Abel Carter demonstrated Friday night how he can take over a game. Carter scored three rushing touchdowns, scored on his own blocked punt, intercepted a pass and was a terror on defense in Carson High's 41-20 Homecoming victory over North Valleys at Jim Frank Track & Field Complex. Carson ended its non-league schedule with a 3-2 record, and opens Sierra League play on the road against Galena on Friday.
When you play youngsters at any position in any sport, there are growing pains. That's what Carson High is experiencing with sophomore quarterback Jon Laplante, who completed a season-high four passes for 41 yards in Carson's 41-20 Homecoming win over North Valleys on Friday. "He was up and down," Carson coach Blair Roman said. "I liked how he finished the game." Laplante guided the Senators to two fourth-quarter scores on drives of 36 and 76 yards.
RENO — A year ago, Galena stopped Carson High's dream of reaching the state championship, but coach Frank Martinez said that wasn't played up this week during practice. "They are a totally different team," Martinez said. "It hurt (losing to them) because I thought we had a chance to win state last year. We wanted to show them that we were the team to beat this year."
Muck Rack makes it simple to find people, tweets, or articles that mention any name, keyword, company, hashtag etc. We've compiled this guide to help you make the most of your search.
Selecting a term
Start searching tweets, articles from media outlets, articles mentioned in tweets, journalists'
names, titles and bios with some suggested searches:
Companies or Topics (e.g. iPhone, Microsoft)
Phrases (e.g. "cloud computing") — use quotes to keep the terms together
Twitter handles (e.g. @username) — returns those who have mentioned or replied to
Names (e.g. "David Pogue")
Hashtags (e.g. #sxsw, #london2012)
Bio details (e.g. vegan, Olympics, father)
Muck Rack's Advanced Search allows for many boolean operators.
Find results that mention multiple specified terms, use AND or
+. For example, ensure each result contains both Elon Musk and Mark Zuckerberg by
searching Obama AND Romney or Obama + Romney.
Use the operators OR or , to broaden your search when you'd like either of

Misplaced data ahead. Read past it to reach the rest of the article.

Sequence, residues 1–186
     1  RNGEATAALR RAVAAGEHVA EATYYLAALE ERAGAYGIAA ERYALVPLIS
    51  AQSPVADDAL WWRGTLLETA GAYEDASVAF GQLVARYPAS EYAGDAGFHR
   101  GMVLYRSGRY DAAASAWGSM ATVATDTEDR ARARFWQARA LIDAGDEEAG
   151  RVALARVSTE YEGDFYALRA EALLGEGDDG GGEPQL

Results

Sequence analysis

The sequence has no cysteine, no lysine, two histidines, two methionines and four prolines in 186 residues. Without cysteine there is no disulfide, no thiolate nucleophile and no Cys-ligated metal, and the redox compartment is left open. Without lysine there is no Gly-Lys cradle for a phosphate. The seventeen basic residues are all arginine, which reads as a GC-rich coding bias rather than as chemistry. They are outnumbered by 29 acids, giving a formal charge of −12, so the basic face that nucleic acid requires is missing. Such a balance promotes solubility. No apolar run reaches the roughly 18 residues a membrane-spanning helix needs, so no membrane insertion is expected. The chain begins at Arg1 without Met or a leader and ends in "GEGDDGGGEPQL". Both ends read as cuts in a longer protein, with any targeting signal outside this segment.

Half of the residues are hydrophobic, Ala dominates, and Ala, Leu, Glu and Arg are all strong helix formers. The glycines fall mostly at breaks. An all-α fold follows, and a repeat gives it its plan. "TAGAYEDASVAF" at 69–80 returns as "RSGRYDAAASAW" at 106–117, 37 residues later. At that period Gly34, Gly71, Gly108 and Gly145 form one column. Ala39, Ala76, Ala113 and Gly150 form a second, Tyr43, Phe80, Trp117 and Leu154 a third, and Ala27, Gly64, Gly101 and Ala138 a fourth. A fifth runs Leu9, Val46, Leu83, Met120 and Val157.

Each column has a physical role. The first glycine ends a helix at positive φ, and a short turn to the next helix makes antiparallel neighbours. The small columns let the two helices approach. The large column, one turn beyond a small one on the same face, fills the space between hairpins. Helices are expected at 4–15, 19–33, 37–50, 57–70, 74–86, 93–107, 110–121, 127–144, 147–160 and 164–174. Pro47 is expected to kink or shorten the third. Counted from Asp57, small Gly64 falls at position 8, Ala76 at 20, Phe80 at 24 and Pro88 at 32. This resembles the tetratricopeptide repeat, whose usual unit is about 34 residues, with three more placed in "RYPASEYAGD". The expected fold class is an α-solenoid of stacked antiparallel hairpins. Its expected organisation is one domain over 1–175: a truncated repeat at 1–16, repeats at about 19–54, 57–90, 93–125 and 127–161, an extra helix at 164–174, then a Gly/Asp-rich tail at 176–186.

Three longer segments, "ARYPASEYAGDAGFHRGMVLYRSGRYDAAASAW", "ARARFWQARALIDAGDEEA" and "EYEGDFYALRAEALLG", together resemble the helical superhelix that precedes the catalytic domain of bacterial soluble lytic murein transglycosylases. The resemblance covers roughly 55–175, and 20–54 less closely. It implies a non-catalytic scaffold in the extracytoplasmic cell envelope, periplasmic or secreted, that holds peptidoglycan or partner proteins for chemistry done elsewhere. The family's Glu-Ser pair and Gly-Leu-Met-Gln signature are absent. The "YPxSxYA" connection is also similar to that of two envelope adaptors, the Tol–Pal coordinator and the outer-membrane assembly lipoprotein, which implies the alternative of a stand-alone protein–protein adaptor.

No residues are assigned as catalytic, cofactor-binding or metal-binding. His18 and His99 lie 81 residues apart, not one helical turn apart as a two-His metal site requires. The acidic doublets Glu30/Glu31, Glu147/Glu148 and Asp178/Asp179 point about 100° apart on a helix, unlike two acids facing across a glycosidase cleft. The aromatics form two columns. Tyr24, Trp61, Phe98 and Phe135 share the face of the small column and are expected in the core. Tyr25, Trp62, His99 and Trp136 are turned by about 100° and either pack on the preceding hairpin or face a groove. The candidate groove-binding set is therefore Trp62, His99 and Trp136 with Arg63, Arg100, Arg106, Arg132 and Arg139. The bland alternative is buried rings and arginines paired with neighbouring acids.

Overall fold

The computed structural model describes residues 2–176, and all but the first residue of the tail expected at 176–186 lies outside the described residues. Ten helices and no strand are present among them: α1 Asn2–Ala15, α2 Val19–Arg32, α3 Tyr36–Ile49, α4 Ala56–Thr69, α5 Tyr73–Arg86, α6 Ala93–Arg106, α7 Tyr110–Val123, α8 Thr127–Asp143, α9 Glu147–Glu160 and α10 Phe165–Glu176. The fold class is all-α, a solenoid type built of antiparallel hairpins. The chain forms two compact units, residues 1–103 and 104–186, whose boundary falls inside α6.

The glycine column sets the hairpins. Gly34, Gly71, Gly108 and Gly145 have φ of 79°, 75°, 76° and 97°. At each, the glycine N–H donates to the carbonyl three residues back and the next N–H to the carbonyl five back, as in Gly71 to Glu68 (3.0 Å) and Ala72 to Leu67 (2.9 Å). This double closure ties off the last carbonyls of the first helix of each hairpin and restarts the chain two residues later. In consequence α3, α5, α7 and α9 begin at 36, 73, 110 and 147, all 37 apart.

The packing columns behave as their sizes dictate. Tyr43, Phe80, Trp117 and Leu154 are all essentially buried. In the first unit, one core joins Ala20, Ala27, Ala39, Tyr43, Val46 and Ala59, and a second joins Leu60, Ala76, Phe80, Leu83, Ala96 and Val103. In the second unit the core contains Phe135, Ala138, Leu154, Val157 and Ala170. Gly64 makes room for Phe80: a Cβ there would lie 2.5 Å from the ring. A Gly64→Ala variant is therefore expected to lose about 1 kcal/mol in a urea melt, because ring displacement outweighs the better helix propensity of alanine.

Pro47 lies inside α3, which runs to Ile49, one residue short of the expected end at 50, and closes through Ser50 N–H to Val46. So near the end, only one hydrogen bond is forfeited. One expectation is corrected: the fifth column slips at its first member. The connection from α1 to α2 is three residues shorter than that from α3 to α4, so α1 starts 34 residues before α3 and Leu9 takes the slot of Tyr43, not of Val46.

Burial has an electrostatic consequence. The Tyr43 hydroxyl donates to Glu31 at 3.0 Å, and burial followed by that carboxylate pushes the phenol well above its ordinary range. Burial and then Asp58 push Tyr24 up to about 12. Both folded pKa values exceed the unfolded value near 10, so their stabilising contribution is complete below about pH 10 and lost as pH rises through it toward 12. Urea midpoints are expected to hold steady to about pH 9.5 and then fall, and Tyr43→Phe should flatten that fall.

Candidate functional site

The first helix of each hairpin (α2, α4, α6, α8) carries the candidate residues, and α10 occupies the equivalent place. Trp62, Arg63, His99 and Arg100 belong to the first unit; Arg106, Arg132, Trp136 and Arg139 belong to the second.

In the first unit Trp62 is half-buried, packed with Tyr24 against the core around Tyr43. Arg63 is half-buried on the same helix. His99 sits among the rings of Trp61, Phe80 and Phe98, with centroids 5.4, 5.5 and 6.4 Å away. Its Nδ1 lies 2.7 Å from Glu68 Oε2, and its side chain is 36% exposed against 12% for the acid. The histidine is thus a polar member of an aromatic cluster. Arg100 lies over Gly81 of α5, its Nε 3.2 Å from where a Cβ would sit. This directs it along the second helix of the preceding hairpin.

multiple terms to appear in results. (This is the default behavior of our search when no operators
are used.) For example, search for democrat OR republican to find results that refer to
Democrats and/or Republicans.
Use NOT or - to subtract results from your search. For
example, searching Disney will yield results about the Walt Disney Company as well as Walt Disney
World Resort. To exclude mentions of Disney World, search for Disney -World or Disney
When using one of these operators with a phrase, enclose it in quotation marks. For example, you can
find results about smartphones excluding Apple's iPhone 4S by searching smartphone -"iPhone
Exact case matching or punctuation
If you're searching for a brand name or keyword that relies on specific punctuation marks or capitalization, you can
find results that match your exact query by adding matchcase: before the keyword you're searching for, like matchcase:E*TRADE .
Use parentheses to separate multiple
boolean phrases. For example, to find journalists talking about having fun in Disney World or
Disneyland, search for ("disney world" OR disneyland) AND fun.
An asterisk can be used to search for any variation of a root word truncated by the asterisk. For example, searching for admin* will return results for administrator, administration, administer, administered, etc.
A near operator is an AND operator where you can control the distance between the words. You can vary the distance the near operation uses by adding a forward slash and number (between 0-99) such as strawberries NEAR/10 "whipped cream", which means the strawberries must exist within 10 words of "whipped cream".